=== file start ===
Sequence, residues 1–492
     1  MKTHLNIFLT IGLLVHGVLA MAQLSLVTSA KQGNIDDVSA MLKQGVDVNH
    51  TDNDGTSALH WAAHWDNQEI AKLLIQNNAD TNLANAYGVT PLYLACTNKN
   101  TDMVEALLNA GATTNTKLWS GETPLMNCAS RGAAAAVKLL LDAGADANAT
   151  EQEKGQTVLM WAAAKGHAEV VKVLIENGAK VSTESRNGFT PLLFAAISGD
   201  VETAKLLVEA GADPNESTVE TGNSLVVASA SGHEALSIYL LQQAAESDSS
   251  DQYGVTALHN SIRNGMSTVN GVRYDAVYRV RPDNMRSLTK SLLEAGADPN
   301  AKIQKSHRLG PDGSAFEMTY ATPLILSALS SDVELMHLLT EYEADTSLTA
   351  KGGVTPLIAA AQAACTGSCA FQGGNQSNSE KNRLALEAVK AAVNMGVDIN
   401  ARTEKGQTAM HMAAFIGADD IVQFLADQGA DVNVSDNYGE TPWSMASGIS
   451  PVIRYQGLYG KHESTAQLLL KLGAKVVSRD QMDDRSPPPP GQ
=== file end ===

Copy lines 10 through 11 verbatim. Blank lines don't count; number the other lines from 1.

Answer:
   401  ARTEKGQTAM HMAAFIGADD IVQFLADQGA DVNVSDNYGE TPWSMASGIS
   451  PVIRYQGLYG KHESTAQLLL KLGAKVVSRD QMDDRSPPPP GQ